EventListener class contains a set of call-back functions that will be called when a specific RocksDB event happens such as completing a flush or compaction job. Such callback APIs can be used as a building block for developing custom features such as stats-collector or external compaction algorithm. Available EventListener callbacks can be found in include/rocksdb/listener.h.

How to use it?

In DBOptions, there’s a variable called listeners, which allows developers to add custom EventListener to listen to the events of a specific rocksdb instance.

  1. // A vector of EventListeners which call-back functions will be called
  2. // when specific RocksDB event happens.
  3. std::vector<std::shared_ptr<EventListener>> listeners;

To listen to a rocksdb instance, it can be done by simply adding a custom EventListener to DBOptions::listeners and use that options to open a DB:

  1. // listen to a rocksdb instance
  2. DBOptions db_options;
  3. ...
  4. db_options.listeners.emplace_back(new MyListener());

Note that in either case, unless specially specified in the documentation, all EventListener call-backs must be implemented in a thread-safe way even when an EventListener only listens to a single column family (For example, imagine the case where OnCompactionCompleted() could be called by multiple threads at the same time as a single column family might complete more than one compaction jobs at the same time.

Listen to a specific event

The default behavior of all EventListener callbacks is no-op. This allows developers to only focus the event they’re interested in. To listen to a specific event, it is as simple as implementing its related call-back. For example, the following EventListener counts the number of flush job completed since DB open by implementing OnFlushCompleted():

  1. class FlushCountListener : public EventListener {
  2. public:
  3. FlushCountListener() : flush_count_(0) {}
  4. void OnFlushCompleted(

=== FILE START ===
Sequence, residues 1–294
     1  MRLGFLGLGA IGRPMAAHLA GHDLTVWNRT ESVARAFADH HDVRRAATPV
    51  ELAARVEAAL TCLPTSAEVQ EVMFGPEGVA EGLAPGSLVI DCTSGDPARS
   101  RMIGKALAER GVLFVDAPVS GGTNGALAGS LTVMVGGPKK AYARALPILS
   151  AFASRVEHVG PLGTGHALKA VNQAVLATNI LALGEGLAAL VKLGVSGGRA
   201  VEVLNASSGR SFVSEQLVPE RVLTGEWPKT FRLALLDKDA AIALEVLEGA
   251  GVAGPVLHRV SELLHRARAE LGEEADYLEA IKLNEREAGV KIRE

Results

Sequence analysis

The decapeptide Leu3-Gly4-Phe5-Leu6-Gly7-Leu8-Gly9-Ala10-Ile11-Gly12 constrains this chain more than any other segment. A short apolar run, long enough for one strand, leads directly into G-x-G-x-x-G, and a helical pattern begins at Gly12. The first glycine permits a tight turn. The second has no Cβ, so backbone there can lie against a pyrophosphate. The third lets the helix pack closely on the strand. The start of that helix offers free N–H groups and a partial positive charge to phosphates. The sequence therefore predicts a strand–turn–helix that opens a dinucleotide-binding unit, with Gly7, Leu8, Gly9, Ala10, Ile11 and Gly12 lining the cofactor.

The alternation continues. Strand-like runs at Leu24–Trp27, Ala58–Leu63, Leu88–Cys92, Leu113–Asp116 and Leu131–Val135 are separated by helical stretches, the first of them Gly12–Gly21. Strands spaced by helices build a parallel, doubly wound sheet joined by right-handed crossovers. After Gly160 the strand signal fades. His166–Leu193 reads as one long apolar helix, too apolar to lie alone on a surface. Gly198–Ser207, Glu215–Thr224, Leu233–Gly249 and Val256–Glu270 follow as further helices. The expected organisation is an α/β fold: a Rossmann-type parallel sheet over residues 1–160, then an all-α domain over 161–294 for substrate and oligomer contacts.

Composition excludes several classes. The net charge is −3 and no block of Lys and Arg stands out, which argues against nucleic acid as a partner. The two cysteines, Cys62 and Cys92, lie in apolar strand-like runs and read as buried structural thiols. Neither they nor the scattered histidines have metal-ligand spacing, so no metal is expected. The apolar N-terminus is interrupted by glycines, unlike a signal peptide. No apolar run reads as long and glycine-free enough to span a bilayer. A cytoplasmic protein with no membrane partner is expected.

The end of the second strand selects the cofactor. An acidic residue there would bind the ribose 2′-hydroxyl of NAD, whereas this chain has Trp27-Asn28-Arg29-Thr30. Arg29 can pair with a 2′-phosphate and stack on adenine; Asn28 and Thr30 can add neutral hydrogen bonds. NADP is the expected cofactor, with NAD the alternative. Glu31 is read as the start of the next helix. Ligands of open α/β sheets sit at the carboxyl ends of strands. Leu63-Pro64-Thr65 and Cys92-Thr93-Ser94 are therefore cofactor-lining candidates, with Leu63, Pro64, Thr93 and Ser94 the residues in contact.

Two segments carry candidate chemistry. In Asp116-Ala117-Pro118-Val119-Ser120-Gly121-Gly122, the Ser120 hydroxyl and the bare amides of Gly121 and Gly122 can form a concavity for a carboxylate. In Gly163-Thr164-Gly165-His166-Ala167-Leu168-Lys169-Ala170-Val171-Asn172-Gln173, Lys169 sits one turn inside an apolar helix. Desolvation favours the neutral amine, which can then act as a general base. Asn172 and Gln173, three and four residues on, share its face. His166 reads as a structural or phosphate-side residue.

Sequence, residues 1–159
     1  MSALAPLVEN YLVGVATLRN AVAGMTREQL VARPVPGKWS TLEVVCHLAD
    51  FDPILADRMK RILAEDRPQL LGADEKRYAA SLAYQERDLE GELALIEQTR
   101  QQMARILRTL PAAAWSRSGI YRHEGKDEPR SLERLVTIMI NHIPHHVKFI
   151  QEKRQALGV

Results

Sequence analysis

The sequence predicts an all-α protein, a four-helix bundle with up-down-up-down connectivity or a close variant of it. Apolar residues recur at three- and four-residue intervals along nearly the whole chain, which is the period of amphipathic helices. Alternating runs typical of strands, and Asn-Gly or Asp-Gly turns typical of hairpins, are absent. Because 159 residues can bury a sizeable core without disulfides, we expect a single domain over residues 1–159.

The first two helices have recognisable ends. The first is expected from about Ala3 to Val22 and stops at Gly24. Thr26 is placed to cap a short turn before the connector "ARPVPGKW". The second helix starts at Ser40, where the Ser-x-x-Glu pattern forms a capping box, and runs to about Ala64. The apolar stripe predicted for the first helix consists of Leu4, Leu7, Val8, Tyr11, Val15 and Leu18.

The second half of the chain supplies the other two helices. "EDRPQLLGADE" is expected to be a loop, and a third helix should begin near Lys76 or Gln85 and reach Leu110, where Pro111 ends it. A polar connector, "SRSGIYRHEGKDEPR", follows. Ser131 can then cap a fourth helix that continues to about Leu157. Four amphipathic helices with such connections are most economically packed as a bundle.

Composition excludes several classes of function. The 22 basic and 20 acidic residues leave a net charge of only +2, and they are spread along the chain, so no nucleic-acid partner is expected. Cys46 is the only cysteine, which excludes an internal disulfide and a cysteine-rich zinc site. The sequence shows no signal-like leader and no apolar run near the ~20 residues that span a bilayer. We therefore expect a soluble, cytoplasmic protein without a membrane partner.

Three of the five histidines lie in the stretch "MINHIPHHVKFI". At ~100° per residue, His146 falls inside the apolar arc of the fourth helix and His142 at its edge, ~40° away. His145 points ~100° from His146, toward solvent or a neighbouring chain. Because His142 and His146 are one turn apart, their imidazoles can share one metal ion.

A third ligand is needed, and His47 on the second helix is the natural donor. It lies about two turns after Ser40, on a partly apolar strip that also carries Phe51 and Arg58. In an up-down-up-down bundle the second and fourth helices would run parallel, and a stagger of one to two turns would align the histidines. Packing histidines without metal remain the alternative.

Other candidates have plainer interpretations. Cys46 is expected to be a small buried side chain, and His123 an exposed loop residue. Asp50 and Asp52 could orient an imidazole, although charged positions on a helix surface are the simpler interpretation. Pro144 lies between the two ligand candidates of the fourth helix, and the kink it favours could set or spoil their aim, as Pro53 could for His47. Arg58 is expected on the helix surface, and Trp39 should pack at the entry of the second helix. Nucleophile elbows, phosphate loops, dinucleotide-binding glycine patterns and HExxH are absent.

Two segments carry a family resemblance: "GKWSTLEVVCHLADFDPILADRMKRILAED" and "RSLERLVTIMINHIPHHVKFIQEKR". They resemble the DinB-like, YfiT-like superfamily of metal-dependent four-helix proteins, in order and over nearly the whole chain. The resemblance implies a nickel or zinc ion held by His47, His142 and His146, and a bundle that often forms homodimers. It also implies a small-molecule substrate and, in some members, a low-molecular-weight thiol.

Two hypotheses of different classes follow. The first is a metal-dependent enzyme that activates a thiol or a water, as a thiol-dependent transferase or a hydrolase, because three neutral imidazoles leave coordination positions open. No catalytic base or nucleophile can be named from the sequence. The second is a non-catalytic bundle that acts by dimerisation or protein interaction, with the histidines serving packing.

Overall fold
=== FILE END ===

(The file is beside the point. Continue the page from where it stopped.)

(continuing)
5. DB* db, const std::string& name,
  6. const std::string& file_path,
  7. bool triggered_writes_slowdown,
  8. bool triggered_writes_stop) override {
  9. flush_count_++;
  10. }
  11. private:
  12. std::atomic_int flush_count_;
  13. };


All EventListener callbacks will be called using the actual thread that involves in that specific event. For example, it is the RocksDB background flush thread that does the actual flush to call EventListener::OnFlushCompleted(). This allows developers to collect thread-dependent stats from the EventListener callback such as via thread local variable.


All EventListener callbacks are designed to be called without the current thread holding any DB mutex. This is to prevent potential deadlock and performance issue when using EventListener callback in a complex way. However, all EventListener call-back functions should not run for an extended period of time before the function returns, otherwise RocksDB may be blocked. For example, it is not suggested to do DB::CompactFiles() (as it may run for a long while) or issue many of DB::Put() (as Put may be blocked in certain cases) in the same thread in the EventListener callback. However, doing DB::CompactFiles() and DB::Put() in a thread other than the EventListener callback thread is considered safe.